There was a middle-aged gentleman about 2 body lengths away. He was casually floating, basking in this Floridian experience. My panic was growing as the seconds passed. I knew I would drown without this man’s help. Not one to appear needy, (it was sadistically imprinted in my being by my well-intentioned mother that a person should never lose his or her dignity), I swung and kicked, keeping my eyes on my target. Finally I reached it. I grabbed his tan and orange swim trunks and pulled myself out of the water with all my panicking power, pulling his trunks down as I rose to the surface. Terror flashed across his face as I wrapped my legs around his waist. “Hell, hell, what are you doing?” he yelled.

I felt terribly silly, so again resorted to the vice that I was comfortable with. “O hi” I said with mock confidence. Again he swore at me.

Safe above the surface of the water, I realizing that the predicament I was in was undignified and certainly alarming my new acquaintance. I put my hands on his head and shoved him under the water (a trick I learned from my brother). Alas, my final touch was kicking him as hard as I could in hopes of propelling myself to the bar. The last I heard was some expletives that made me acutely aware that he wasn’t “pleased to meet me.”

This kick off did indeed get me much closer to the bar, but not close enough. A young couple was between the bar and me. Again I drew my near drowning face out of the water as I dog-paddled furiously, and so as not to appear foolish, asked politely, “can you help me?” They didn’t respond. I said, “Really, can you help me?” The man came closer and I grabbed him in panicked relief. (He didn’t know how lucky he was that I grabbed his shoulders). I kicked off his chest, and that thrust got me to the bar.

I wanted to hang onto the bar, catch my breath and regain composure, but feeling like I’d made a couple enemies on my little swim, I quickly hoisted my shaking body out of the water imagining these fellows right behind ready to verbally attack me.

I felt like an exhausted wet rat as I walked in the “island bar” which now resembled a torture hut. I stood there producing a puddle of water as I looked at each patron. There were 8 people inside the dim little hut and each of them seemed to be staring at me. I wanted nothing more than to fall into a stool beside my husband but my husband was not there. The tears were about to burst out of my eyes, so I walked through the bar to the other side, planning to collapse out of view of all these gawking eyes. As soon as I got out of the hut I saw the sidewalk that connected the island to the hotel. Though chagrined to see a sidewalk, I wasted no time using it. Still shaking and now unable to contain my tears, I hurried back to our room.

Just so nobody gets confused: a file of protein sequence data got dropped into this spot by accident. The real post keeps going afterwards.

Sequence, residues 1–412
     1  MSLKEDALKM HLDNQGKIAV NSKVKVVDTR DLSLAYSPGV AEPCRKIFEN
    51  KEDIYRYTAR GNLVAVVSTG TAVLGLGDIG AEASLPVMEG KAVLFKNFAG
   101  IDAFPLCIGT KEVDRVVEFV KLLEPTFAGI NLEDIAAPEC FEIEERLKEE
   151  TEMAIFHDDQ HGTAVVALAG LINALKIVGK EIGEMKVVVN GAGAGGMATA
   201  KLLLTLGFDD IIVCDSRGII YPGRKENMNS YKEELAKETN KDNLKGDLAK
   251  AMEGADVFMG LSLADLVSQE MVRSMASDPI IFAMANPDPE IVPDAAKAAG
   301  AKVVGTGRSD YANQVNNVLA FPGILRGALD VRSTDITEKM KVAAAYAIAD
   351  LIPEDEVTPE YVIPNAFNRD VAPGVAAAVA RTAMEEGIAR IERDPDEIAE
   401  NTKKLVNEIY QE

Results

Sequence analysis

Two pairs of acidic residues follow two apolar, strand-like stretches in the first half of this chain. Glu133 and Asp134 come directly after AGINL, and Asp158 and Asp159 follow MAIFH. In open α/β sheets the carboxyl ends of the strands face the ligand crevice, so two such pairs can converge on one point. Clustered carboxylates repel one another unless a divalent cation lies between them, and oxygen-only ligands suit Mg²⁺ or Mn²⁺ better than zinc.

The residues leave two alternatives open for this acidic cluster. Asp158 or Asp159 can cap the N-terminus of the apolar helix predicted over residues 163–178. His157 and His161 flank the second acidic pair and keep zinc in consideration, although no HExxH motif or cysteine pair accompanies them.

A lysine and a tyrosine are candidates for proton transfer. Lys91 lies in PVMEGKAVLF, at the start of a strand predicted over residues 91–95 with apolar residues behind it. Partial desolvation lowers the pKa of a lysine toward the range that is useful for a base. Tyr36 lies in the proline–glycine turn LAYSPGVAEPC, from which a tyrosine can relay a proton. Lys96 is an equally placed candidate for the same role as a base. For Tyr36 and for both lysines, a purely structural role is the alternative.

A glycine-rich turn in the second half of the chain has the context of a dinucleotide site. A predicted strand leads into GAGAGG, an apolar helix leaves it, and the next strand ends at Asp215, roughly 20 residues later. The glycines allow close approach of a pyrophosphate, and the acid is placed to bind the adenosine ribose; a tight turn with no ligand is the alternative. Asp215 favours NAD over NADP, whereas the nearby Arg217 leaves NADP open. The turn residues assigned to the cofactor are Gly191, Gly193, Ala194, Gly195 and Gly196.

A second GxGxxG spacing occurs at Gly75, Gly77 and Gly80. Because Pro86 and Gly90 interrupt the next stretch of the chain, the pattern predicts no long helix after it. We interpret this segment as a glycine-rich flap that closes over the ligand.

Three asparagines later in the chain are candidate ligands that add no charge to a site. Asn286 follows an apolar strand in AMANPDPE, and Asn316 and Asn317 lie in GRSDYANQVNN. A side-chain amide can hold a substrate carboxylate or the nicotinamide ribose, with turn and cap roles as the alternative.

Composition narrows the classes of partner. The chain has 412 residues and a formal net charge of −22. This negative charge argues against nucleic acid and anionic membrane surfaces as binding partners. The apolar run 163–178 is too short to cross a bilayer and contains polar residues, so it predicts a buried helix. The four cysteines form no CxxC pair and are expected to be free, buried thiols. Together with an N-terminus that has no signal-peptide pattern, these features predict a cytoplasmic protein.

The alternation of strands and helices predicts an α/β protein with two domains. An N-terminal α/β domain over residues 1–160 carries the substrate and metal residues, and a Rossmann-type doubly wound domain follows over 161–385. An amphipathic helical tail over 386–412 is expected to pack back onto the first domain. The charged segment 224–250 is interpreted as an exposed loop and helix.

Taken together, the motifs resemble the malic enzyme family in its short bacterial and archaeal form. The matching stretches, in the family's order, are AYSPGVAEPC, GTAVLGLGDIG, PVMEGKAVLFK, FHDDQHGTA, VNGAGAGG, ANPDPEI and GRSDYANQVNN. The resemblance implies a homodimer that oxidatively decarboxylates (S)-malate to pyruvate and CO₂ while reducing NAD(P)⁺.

When Kent entered our room I tore in, “Where have you been?” I tiraded for 5 minutes before he interrupted and replied with a smirk, “I meant the bar in the hotel.”

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A Good Day

It's been a wonderful day. Our church service was uplifting. There was a spirit of unity, peace and anticipation. I have a really great church. As I sat there this morning, I looked at the faces of those around me. They seemed interested, involved, engaged. What a blessing. I read 1 Peter 2:9, "... you are a chosen people....This is so you can show others the goodness of God, for he called you out of the darkness into his wonderful light." I saw in my faith community a chosen people who show the goodness of God. From my pastor I received this snippet of truth: "What you believe will be reflected in the things you do."